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Smith Lecture: Extreme Rain-Snow Elevation Changes during California Storms, and My STEM Journey

Tashiana C. Osborne, University of California San Diego
Friday, November 20, 2020
3:30-4:30 PM
Zoom Meeting ID: 92726597934
In regions of complex topography such as California’s Sierra Nevada, rapid and significant intrastorm changes in precipitation amount, type, and intensity can be beneficial, but can also contribute to flooding, ice, or snow events that impact hydrology and communities. The rain-snow transition elevation, or the elevation where snow melts into rain, is a key variable when studying mountain meteorology, hydrology, and storm impacts. Sudden, extreme vertical changes in rain-snow elevations, or atmospheric snow levels, can influence impacts, but have not been previously catalogued.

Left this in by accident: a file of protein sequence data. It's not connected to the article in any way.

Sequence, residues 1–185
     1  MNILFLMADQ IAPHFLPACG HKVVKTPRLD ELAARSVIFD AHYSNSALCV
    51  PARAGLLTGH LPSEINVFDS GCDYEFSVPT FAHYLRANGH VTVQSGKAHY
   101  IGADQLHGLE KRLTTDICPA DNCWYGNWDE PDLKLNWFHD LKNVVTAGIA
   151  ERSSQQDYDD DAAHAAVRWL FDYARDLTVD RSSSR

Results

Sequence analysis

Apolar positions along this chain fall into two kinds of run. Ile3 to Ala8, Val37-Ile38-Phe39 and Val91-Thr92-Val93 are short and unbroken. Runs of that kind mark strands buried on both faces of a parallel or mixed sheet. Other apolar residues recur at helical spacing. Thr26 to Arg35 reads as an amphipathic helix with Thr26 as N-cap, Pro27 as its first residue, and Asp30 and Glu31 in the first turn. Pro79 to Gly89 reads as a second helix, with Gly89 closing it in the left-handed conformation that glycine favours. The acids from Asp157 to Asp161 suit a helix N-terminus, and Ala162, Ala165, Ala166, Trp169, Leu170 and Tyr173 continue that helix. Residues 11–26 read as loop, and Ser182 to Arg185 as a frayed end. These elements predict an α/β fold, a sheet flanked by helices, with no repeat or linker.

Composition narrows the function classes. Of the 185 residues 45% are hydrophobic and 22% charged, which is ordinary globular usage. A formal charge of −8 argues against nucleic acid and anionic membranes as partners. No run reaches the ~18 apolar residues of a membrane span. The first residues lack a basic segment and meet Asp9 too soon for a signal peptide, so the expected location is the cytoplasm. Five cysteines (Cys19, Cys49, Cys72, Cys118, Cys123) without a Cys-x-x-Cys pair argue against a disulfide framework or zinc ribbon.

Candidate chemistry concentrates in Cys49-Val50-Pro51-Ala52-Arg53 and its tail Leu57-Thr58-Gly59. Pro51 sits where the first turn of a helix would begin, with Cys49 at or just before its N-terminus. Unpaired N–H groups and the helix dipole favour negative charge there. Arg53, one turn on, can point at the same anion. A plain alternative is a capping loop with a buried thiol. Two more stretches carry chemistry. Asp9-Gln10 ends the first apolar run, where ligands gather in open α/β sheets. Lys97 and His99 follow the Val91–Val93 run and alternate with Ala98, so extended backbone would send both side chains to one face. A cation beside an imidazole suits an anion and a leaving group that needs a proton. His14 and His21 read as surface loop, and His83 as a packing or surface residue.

In this study, we design a detection algorithm for extreme snow level changes which are first defined as one-hour vertical changes of a magnitude equal to or greater than 400 meters. We consider snow levels obtained from ten vertically-pointing ground radars across California. The past six cool seasons are included. In addition to defining and detecting extreme changes in rain-snow level, extremes are described in terms of seasonality and variations by water year and radar. We also investigate relationships between extreme rain-snow elevation changes and atmospheric rivers - low-tropospheric corridors of enhanced moisture which form over near-tropical regions of the Pacific Ocean and can travel to reach land, contributing up to half of California’s annual water supply.
Building: Off Campus Location
Location: Virtual
Event Link:
Event Type: Lecture / Discussion
Tags: Lecture
Source: Happening @ Michigan from Earth and Environmental Sciences